Temporal hierarchies of variation and the maintenance of diversity

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Plant Species Biology



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A general model shows how the long‐term growth rate of a population can be partitioned into components representing various mechanisms of maintenance of species diversity. One component summarises the effects of fluctuation‐independent mechanisms, which include classical resource partitioning and frequency‐dependent herbivory. Two other components represent fluctuation‐dependent mechanisms, the storage effect and relative nonlinearity of competition.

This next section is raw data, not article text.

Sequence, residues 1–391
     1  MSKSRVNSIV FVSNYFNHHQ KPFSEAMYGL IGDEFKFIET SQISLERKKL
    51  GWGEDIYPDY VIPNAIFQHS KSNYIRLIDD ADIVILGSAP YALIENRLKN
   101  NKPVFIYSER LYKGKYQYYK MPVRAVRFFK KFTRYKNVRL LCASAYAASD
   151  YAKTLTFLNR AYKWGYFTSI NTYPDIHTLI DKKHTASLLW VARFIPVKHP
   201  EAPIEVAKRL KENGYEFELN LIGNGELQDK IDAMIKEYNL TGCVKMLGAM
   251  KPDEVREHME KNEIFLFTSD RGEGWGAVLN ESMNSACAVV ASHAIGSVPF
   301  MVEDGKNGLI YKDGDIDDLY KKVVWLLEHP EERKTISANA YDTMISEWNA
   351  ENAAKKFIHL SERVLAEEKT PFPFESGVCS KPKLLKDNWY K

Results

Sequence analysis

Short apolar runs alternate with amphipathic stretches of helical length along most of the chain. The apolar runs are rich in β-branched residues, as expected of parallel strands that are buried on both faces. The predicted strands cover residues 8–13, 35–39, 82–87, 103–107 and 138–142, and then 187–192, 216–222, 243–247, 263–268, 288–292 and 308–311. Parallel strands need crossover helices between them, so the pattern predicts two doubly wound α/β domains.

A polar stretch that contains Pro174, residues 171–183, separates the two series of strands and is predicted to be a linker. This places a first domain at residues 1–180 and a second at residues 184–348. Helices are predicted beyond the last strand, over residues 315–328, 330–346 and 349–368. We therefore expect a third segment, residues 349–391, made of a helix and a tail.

The general model shows how a community will track an equilibrium set by fluctuation‐independent mechanisms and the environmental state when community dynamics are faster than the rate of environmental change. Fluctuation‐dependent mechanisms can be important for diversity maintenance with or without such tracking, but on long timescales their effects are indistinguishable from those of fluctuation‐independent mechanisms.

These considerations lead to a hierarchical view of mechanisms of diversity maintenance where the effects of different timescales are partitioned or merged depending on the timescale of observation. These issues are illustrated with model examples involving various combinations of resource partitioning, fluctuations in recruitment rates, variation in the timing of germination, and seasonality. The very long timescales associated with climate change contain many complexities but nevertheless many ideas applicable to shorter timescales may be useful in a modified form.

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